But again, theory, and real world application, are quite different, because of that good old resistance. Just wanting a great relationship isn't enough if you have a lot of blocks around allowing one in. You have to believe you can truly have one. When you think about meeting that perfect person for you, and it doesn't feel good, you have to examine that.
the trouble is in the mind, for the body is only the house for the mind to dwell in, and we put a value on it according to its worth. Therefore if your mind has been deceived by some invisible enemy into a belief, you have put it into the form of a disease, with or without your knowledge. By my theory or truth, I come in contact with your enemy and restore you to your health and happiness. This I do partly mentally and partly by talking till I correct the wrong impressions and establish the Truth, and the Truth is the cure.[11]
Of course, it is possible to make some broad generalizations. For starters, successful people tend to be good at what they do – although, even here, exceptions exist since some business people, for example, have been regarded as highly successful individuals while determinedly leading their companies down the road to ruin. Additionally, successful people are generally not lazy since becoming successful does require you to do something (even if turns out that you’re ultimately not that good at what that something is). I also happen to think – and it’s a controversial point – that a good dose of intelligence (even if it’s not traditional academic intelligence) does help quite a bit.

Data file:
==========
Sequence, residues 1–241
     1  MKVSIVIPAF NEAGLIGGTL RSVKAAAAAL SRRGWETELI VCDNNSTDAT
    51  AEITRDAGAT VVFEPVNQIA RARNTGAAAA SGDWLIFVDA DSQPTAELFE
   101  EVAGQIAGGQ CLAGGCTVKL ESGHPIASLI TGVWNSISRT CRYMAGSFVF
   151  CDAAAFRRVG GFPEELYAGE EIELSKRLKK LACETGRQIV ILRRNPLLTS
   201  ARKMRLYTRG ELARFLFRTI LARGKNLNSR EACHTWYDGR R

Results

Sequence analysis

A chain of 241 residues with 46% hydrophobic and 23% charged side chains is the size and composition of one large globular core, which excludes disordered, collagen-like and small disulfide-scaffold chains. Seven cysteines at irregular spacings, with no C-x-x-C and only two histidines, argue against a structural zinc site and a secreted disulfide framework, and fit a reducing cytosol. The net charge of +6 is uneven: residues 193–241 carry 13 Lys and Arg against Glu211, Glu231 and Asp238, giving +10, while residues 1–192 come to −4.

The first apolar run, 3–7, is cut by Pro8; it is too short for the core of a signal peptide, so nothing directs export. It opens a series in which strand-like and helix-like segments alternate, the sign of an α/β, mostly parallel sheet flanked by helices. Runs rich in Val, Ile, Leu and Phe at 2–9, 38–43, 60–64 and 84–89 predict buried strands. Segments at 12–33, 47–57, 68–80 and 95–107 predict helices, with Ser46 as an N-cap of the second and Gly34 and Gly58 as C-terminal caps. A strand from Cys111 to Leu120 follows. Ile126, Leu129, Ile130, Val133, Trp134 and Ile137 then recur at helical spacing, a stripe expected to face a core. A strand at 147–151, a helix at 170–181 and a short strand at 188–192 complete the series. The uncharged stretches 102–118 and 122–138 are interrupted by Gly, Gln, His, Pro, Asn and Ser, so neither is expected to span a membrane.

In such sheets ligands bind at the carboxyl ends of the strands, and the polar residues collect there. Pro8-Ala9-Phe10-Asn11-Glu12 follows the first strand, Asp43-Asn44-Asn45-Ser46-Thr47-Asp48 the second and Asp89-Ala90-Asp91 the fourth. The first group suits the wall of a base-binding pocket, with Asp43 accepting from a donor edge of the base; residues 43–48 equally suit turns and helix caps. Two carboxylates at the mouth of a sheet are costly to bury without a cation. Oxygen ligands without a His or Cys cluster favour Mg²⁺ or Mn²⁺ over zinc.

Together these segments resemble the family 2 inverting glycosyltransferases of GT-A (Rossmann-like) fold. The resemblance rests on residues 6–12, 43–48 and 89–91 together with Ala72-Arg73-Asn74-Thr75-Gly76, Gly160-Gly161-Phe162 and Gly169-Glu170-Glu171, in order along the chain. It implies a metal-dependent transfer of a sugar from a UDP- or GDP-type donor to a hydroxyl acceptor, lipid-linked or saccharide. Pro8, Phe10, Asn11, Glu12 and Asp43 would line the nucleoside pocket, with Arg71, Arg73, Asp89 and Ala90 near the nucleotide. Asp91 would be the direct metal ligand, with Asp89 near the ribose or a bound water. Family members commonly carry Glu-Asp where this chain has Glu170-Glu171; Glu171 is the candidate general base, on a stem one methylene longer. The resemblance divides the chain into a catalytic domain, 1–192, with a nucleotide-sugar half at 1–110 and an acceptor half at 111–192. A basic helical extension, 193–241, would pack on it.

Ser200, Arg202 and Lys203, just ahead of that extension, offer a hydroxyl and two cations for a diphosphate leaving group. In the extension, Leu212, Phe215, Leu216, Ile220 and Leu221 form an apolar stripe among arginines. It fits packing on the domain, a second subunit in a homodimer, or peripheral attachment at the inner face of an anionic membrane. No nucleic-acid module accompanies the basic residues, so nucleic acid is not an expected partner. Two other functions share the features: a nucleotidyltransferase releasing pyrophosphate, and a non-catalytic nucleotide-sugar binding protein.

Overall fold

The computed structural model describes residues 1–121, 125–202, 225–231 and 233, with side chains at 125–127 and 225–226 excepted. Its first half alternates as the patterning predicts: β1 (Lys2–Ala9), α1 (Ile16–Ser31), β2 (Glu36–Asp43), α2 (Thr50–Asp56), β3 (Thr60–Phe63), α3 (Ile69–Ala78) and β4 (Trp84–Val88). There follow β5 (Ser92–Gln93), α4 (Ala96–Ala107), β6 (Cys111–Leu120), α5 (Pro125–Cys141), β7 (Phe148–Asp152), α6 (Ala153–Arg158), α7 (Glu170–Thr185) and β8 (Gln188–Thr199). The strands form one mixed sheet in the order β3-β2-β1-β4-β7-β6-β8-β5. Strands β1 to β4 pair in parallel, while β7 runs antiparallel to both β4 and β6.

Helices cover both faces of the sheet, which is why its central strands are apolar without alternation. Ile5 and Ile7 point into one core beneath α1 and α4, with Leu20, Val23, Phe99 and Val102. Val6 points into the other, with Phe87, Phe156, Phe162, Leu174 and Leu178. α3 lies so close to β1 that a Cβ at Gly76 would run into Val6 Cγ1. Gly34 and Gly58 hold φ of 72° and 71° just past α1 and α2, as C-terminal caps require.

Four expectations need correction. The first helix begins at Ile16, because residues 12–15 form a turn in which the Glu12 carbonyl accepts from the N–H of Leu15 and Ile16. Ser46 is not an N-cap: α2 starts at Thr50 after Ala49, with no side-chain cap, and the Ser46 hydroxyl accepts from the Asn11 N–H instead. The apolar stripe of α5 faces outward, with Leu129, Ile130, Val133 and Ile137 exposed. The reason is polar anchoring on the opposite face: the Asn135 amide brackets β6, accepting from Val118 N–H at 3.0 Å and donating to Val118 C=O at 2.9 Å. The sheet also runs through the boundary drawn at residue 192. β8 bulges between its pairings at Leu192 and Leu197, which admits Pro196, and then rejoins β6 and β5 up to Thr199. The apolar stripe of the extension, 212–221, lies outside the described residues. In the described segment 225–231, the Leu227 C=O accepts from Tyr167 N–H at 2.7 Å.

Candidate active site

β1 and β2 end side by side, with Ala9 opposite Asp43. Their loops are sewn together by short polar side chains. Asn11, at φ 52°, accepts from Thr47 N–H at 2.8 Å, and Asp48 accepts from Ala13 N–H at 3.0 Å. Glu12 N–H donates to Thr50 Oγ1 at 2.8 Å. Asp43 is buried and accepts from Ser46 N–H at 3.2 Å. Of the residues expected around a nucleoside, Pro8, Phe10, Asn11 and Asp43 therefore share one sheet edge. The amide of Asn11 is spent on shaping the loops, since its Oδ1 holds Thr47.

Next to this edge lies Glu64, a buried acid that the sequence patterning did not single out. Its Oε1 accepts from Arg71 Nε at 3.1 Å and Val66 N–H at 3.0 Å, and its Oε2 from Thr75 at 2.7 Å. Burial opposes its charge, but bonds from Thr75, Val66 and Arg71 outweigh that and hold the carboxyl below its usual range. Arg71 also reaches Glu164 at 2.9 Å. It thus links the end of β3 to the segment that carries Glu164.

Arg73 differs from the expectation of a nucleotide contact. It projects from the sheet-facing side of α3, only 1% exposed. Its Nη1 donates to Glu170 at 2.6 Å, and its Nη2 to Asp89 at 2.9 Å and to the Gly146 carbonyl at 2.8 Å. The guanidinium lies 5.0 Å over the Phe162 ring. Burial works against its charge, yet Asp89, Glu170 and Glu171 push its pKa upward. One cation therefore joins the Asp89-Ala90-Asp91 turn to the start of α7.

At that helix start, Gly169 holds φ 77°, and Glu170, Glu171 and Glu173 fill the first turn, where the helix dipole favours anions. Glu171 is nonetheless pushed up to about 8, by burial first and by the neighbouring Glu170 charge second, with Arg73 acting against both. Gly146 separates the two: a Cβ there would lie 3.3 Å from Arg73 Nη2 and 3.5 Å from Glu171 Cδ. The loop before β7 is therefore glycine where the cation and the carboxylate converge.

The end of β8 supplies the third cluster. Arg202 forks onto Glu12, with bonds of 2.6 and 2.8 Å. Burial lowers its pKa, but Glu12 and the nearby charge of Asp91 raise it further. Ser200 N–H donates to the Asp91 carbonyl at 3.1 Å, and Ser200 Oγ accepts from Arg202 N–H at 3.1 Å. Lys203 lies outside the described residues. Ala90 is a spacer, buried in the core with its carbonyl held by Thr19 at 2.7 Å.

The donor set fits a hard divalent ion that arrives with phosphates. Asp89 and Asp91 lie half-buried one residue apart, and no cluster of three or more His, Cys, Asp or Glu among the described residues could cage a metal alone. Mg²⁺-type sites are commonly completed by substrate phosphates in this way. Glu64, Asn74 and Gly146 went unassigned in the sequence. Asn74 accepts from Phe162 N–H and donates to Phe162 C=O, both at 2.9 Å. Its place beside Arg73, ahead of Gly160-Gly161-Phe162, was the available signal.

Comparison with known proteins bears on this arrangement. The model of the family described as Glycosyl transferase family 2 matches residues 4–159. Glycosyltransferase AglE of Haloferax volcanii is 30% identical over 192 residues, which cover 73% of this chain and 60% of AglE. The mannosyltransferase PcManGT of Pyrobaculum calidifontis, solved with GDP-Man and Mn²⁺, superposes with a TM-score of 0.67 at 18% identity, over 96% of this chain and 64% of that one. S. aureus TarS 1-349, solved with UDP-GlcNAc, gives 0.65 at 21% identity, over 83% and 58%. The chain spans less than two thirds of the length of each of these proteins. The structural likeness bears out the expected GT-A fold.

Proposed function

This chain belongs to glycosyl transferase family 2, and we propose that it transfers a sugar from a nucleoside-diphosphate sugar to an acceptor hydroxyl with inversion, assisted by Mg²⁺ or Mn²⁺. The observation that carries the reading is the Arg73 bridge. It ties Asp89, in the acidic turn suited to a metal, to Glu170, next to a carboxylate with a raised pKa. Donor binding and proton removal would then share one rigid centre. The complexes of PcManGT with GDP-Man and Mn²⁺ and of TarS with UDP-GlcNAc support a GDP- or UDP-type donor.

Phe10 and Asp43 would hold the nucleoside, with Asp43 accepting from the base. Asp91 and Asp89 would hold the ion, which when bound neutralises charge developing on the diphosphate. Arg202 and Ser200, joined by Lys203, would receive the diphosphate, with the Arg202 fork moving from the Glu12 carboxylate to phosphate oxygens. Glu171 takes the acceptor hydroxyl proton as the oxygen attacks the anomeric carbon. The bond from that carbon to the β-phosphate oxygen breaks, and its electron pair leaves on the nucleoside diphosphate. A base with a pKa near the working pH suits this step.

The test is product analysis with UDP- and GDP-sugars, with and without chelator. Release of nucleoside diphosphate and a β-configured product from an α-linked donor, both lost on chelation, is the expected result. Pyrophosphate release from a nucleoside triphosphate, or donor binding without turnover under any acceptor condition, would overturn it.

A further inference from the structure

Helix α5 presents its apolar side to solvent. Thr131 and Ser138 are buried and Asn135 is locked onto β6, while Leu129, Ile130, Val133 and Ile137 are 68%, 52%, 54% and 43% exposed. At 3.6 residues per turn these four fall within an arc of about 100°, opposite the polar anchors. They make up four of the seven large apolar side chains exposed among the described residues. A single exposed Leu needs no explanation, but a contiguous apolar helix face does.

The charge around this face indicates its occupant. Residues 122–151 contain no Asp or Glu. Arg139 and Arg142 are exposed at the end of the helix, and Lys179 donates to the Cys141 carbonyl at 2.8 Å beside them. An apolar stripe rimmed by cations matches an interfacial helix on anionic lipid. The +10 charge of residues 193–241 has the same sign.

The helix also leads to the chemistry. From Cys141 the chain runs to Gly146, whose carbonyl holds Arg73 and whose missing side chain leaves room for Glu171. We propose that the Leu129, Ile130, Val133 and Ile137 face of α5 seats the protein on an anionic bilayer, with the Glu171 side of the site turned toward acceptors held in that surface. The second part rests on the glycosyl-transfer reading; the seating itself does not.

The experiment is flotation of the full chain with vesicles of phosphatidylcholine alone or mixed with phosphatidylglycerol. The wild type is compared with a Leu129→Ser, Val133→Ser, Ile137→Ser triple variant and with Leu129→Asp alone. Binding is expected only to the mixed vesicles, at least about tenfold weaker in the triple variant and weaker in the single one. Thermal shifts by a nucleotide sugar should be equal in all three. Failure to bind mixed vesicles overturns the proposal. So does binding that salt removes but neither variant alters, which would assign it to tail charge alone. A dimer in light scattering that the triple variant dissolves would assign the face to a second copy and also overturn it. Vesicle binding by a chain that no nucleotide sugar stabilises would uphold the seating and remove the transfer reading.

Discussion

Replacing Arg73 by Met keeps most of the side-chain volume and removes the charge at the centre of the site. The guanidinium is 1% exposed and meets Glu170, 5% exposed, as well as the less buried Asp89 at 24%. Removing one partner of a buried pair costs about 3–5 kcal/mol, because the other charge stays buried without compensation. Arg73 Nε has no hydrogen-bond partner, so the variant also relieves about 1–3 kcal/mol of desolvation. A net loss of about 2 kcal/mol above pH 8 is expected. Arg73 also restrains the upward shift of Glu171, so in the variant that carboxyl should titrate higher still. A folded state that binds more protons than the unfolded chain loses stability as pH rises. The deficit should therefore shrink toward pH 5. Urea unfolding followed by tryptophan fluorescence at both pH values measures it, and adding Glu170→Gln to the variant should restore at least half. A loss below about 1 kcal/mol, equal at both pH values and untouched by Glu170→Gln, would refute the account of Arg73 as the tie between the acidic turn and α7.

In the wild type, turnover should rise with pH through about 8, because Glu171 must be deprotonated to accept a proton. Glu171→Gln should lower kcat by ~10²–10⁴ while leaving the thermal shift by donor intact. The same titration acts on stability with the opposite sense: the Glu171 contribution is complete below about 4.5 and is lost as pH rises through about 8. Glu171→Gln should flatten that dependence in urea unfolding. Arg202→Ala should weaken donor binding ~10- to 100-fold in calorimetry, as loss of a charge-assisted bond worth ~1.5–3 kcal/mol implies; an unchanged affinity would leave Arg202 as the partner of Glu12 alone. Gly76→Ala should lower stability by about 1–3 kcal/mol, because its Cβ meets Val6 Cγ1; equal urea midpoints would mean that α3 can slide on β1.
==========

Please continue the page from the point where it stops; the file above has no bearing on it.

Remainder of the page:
We tend to think of gratitude as a spontaneous emotion, something that just happens to us in moments of triumph or success. In reality, though, gratitude is something we develop.And just like all the other not-so-secret secrets on this list, it is something we choose, something we make a wide-eyed, premeditated, self-determined decision to experience.
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